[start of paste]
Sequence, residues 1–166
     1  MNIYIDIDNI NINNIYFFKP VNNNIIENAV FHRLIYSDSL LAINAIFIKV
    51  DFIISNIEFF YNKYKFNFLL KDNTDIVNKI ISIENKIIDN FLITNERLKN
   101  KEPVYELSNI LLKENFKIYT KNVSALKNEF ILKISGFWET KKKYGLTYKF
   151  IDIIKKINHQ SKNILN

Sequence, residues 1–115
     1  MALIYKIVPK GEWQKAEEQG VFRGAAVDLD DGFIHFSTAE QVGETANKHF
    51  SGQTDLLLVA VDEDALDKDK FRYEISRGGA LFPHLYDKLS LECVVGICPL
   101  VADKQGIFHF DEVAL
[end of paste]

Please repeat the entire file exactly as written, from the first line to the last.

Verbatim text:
Sequence, residues 1–166
     1  MNIYIDIDNI NINNIYFFKP VNNNIIENAV FHRLIYSDSL LAINAIFIKV
    51  DFIISNIEFF YNKYKFNFLL KDNTDIVNKI ISIENKIIDN FLITNERLKN
   101  KEPVYELSNI LLKENFKIYT KNVSALKNEF ILKISGFWET KKKYGLTYKF
   151  IDIIKKINHQ SKNILN

Sequence, residues 1–115
     1  MALIYKIVPK GEWQKAEEQG VFRGAAVDLD DGFIHFSTAE QVGETANKHF
    51  SGQTDLLLVA VDEDALDKDK FRYEISRGGA LFPHLYDKLS LECVVGICPL
   101  VADKQGIFHF DEVAL